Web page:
What all religions teach in common

religious diversity

Source: elonpendulum.com


The essential meaning of every religion is to answer the question “Why do I live, and what is my attitude to the limitless world that surrounds me?” There is not a single religion, from the most sophisticated to the most primitive, which does not have as its basis the definition of this attitude of a person to the world.

At the heart of all religions lies a single unifying truth. Let Persians bear their taovids, Jews wear their caps, Christians bear their cross, Muslims bear their sickle moon, but we have to remember these are all only outer signs. The general essence of all religions is love to your neighbor, and that this is requested by Manuf, Zoroaster, Buddha, Moses, Socrates, Jesus, Saint Paul, and Muhammad alike. 


Ewald Flugel (1863-1914), a German pioneer of study of Old and Middle English Literature and Language

Dear all religious extremists, please reconsider this quote.

Trololo Man

trololo man



Profile of Eduard Khil (anglicized as ‘Edward Hill’), a Soviet baritone singer who, in a string of fate, unexpectedly became an Internet meme phenomenon.

Get to know more about his biography in Wikipedia.




Khil was born on 4 September 1934 in Smolensk to Anatoly Vasilievich Khil, a mechanic, and Helena Pavlovna Kalugina, an accountant. Life as a child was hard on Khil. With his family breaking up, he was brought up by his mother. During the Great Patriotic War (WWII Eastern Front), his kindergarten was bombed, he was separated from his mother and evacuated toBekovo, Penza Oblast where he ended up in a children’s home, which lacked basic facilities and needs, such as food. Despite this Khil regularly performed in front of wounded soldiers in the nearby hospital.He was reunited with his mother in 1943 when Smolensk was liberated from Nazi Germany and in 1949 moved to Leningrad, where he enrolled and then graduated from printing college. In 1955, Khil enrolled in the Leningrad Conservatory, where he studied under direction of Evgeni Olkhovksky and Zoya Lodyi. He graduated in 1960.During his studies, he began performing various lead operatic roles, including Figaro in The Marriage of Figaro.


Bonus: read more about the ‘lololol’ phenomenon in Internet Meme Database.

Last bonus: watch the Eduard Khil’s original ‘trololo’ video, which was published in early 1970s in Soviet television.


Super-Frog Saves Tokyo, by Haruki Murakami

super frog



An ordinary, 9-to-5 Japanese middle-class man meets a human-sized frog, offering him a once-in-a-lifetime opportunity to fight a monstrous underground monster that will, soon or later, demolish Tokyo.

Read this Murakami’s surrealist short story, published in June 2002, in GQ.




“I know I should have made an appointment to visit you, Mr. Katagiri. I am fully aware of the proprieties. Anyone would be shocked to find a big frog waiting for him at home. But an urgent matter brings me here. Please forgive me.”

“Urgent matter?” Katagiri managed to produce words at last.

“Yes, indeed,” Frog said. “Why else would I take the liberty of barging into a person’s home? Such discourtesy is not my customary style.”

“Does this ‘matter’ have something to do with me?”

“Yes and no.” Frog said with a tilt of the head. ” No and yes.”

I’ve got to get a grip on myself, thought Katagiri. “Do you mind if I smoke?”

“Not at all, not at all,” Frog said with a smile. “It’s your home. You don’t have to ask my permission. Smoke and drink as much as you like. I myself am not a smoker, but I can hardly impose my distaste for tobacco on others in their own homes.”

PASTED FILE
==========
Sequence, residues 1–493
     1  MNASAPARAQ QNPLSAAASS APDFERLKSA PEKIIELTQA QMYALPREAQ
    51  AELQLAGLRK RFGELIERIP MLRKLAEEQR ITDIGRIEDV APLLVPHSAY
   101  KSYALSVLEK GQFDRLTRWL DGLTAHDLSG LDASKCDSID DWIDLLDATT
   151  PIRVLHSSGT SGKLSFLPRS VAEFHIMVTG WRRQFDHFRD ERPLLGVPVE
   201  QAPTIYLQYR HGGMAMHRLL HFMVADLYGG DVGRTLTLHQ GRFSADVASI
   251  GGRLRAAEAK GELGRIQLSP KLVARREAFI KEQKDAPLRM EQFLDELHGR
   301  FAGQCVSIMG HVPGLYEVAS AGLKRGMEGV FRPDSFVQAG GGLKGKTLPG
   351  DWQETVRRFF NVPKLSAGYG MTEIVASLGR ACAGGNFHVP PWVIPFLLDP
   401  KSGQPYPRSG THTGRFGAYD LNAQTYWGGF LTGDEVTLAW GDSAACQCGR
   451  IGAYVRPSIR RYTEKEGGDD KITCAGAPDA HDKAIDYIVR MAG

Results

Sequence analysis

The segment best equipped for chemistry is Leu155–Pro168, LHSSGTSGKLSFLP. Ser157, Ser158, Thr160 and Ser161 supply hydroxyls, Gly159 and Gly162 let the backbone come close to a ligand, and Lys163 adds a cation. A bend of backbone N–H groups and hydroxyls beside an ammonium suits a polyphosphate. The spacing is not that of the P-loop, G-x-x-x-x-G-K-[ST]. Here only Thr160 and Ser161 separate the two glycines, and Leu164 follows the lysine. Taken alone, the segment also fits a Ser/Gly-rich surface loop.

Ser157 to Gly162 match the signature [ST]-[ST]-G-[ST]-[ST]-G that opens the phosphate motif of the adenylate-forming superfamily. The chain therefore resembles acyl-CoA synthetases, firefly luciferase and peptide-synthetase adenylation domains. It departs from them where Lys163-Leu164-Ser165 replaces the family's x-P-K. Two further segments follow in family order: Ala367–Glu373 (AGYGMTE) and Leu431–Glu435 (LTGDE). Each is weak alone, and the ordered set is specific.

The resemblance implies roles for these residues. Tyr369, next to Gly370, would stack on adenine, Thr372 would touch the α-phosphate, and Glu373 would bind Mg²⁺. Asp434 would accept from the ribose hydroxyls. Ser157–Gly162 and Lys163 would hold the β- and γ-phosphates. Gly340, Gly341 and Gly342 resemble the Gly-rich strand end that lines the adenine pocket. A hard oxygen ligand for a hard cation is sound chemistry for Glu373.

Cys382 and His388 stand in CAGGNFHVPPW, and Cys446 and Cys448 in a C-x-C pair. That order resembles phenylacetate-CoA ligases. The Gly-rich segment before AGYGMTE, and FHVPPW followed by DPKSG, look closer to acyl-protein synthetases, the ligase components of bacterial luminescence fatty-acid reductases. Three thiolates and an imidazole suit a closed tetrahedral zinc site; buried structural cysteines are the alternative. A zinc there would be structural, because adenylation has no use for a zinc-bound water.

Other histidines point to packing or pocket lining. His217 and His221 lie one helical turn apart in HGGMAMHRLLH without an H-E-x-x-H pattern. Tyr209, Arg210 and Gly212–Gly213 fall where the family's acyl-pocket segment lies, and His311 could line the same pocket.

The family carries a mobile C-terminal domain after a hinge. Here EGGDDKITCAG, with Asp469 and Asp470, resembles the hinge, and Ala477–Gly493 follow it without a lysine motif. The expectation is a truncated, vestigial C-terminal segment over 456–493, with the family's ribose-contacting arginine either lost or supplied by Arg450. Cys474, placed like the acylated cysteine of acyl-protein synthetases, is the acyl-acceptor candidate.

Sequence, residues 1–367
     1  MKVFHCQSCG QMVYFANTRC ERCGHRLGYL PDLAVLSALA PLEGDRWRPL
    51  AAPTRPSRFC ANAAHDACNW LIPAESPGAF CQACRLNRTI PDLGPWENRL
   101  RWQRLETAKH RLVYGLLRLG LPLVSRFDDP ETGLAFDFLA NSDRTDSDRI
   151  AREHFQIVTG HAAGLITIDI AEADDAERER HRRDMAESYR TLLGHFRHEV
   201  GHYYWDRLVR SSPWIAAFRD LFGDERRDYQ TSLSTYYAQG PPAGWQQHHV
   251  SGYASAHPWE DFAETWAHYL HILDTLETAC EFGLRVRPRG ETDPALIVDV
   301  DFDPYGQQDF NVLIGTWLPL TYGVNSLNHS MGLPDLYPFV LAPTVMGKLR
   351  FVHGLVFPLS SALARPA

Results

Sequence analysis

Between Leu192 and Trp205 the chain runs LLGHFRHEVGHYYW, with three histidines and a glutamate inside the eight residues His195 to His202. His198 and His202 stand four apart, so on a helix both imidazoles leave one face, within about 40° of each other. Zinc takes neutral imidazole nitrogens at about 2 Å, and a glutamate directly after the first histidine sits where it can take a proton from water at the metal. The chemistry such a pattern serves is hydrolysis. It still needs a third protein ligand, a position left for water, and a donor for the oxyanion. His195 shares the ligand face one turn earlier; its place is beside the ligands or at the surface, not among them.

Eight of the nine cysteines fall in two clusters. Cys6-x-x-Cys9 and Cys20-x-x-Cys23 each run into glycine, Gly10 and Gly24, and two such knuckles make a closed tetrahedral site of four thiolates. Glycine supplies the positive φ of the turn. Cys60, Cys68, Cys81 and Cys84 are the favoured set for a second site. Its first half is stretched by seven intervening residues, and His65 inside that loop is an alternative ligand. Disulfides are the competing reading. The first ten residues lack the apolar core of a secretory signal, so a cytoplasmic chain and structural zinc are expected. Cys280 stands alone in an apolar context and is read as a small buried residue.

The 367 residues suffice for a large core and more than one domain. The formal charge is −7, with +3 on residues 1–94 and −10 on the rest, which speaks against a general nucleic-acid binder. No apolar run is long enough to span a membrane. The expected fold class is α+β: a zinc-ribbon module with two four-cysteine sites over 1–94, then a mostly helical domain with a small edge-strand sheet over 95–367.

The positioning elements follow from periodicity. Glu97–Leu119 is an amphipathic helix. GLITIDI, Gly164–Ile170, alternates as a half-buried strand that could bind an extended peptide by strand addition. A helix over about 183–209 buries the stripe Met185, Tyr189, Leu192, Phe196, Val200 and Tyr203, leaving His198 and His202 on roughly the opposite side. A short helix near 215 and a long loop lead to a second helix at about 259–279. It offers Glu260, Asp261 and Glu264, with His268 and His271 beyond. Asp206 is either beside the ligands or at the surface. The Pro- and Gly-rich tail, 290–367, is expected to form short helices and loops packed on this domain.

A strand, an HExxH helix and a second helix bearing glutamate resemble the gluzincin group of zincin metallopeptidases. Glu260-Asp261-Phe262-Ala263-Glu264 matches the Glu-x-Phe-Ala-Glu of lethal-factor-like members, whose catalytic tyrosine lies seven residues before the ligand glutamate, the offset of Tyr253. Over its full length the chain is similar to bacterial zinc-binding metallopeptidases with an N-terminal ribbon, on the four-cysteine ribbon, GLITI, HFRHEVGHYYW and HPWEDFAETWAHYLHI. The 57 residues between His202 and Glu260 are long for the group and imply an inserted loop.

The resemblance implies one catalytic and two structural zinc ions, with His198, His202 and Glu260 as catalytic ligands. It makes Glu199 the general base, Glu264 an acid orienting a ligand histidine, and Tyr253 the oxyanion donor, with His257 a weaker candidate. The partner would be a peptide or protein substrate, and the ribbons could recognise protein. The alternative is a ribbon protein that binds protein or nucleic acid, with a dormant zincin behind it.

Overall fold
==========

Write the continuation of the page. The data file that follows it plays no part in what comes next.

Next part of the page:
Katagiri pulled a pack of cigarettes from his coat pocket and struck a march. He saw his hand trembling as he lit up. Seated opposite him, Frog seemed to he studying his every movement.

“You don’t happen to be connected with some kind of gang by any chance?” Katagiri found the courage to ask.

“Ha ha ha ha ha ha! What a wonderful sense of humor you have, Mr. Katagiri!” Frog said, slapping his webbed hand against his thigh. “There may be a shortage of skilled labor, but what gang is going to hire a frog to do their dirty work? They’d be made a laughingstock.”

“Well, if you’re here to negotiate a repayment, you’re wasting your time. I have no authority to make such decisions. Only my superiors can do that, I just follow orders. I can’t do a thing for you.”

“Please, Mr. Katagiri,” Frog said, raising one webbed finger. “I have not come here on such petty business. I am fully aware that you are Assistant Chief of the lending division of the Shinjuku branch of the Tokyo Security Trust Bank. But my visit has nothing to do with the repayment of loans. I have come here to save Tokyo from destruction.”

#thaistory: Thailand’s moment of truth




An in-depth, 228-page investigation of the decades-old political crisis which has, over and over, plagued Thailand, and how the monarchy, rather than offering the solutions, is instead aggravating the situation, the most recent of which is the reintroduction of military rule throughout the whole nation, and why this, if no compromise is formulated, will blow the country apart.

Download the full report from Zen Journalist, a blog run by Andrew MacGregor Marshall, former senior editor at Reuters.




Of all the world’s countries, Thailand is among those for which the publication of the U.S. embassy cables could have potentially the most profound impact. All nations have their secrets and lies. There is always a gulf between the narrative constructed by those in power, and the real story. But the dissonance between Thailand’s official ideology and the reality is particularly stark and troubling. Suthep Thaugsuban, a senior (and notoriously corrupt) Thai politician, blithely claimed in December 2010 that the cables would have no impact on the country:

We don’t have any secrets… What happens in Thailand, we tell the media and the people.

His comments could scarcely be further from the truth. Thailand is a nation of secrets, and most of the biggest secrets are those involving the Thai monarchy. The palace is at the centre of an idealized narrative of the Thai nation and of what it means to be Thai, which depicts the country as a uniquely blessed kingdom in which nobody questions the established order.